Time to raise the flag and the national spirit

Rally 'round: Banner's display aids recovery

local group works on memorial quilt for New York.

September 25, 2001

AS PRESIDENT Bush raised the American flag to full-staff Sunday at Camp David, the nation's official period of mourning ended.

But that doesn't have anything to do with people's emotions. For some, the 12 days for flying the national banner at half-staff weren't enough to display the country's grief and respect for the dead.

There is no prescribed length of time for lowering the U.S. flag in such circumstances. Protocol does call for 30 days after the death of a president, 10 days in the death of a vice president.

But Old Glory continues to rally the nation's spirits, a visible beacon of unity in this dark passage. Displaying the red, white and blue serves as a gesture of patriotism, a symbol of security and a means of coping with distress.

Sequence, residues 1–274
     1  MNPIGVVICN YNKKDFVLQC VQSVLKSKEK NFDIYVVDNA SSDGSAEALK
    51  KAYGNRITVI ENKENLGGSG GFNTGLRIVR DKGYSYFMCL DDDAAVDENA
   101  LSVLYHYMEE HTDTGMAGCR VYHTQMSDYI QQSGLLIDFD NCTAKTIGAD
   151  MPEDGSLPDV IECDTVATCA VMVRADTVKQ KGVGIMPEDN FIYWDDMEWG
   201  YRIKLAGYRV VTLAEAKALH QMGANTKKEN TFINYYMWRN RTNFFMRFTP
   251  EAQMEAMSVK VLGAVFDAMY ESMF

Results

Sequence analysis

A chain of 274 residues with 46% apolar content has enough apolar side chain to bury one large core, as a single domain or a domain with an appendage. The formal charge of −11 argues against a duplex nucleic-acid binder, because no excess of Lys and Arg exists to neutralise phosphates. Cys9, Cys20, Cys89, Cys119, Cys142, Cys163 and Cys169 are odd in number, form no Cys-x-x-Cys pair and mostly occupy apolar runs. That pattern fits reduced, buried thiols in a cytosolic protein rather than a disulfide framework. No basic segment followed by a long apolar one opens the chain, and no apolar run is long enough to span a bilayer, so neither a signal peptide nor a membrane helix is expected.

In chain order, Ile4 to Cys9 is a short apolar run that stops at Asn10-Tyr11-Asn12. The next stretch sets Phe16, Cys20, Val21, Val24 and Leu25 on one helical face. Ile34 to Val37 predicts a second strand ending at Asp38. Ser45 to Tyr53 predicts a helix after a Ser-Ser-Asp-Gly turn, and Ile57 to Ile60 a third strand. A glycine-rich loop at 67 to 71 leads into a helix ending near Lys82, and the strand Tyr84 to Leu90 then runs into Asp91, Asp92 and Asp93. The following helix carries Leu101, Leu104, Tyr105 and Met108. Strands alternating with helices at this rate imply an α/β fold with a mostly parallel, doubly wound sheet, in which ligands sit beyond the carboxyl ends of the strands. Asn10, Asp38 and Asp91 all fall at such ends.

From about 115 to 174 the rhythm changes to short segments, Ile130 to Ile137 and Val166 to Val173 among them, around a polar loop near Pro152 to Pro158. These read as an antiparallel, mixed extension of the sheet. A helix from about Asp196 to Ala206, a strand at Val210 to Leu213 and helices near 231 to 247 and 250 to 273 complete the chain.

That's the force behind the run on flags nationwide, and the seemingly frantic efforts to find new and innovative ways to incorporate this symbol into our collective grieving.

Students at Carroll County Career and Technology Center are doing their part by patching together a memorial flag quilt they will give as a gift of support to the people of New York City.

The denim-bordered quilt features flags, stars and outlines of the city's skyline as it was before the terrorist destruction of Sept. 11. Members of the Westminster Senior Center helped in creating the patches that are being sewn together in an 8-foot-by-8-foot quilt to be sent to New York's mayor.

Messages of hope and remembrance and Bible verses are written on some patches. Hundreds of students at the Westminster school will sign the finished work.

"It is time for everyone to come together, like this quilt is coming together," explained one teen-ager working on the project.

With the flowering of flags, there have been a few sad reactions. Thefts of flags from mailboxes and lawns have been reported. A Boca Raton, Fla., firm banned flags from employee desks as "divisive" and offensive. Some debated whether flag display meant a call to war.

But the American flag remains the rallying point for the nation. In raising the national banner to full-staff, the president signaled that it is time as well for the United States to lift our hearts and spirits.

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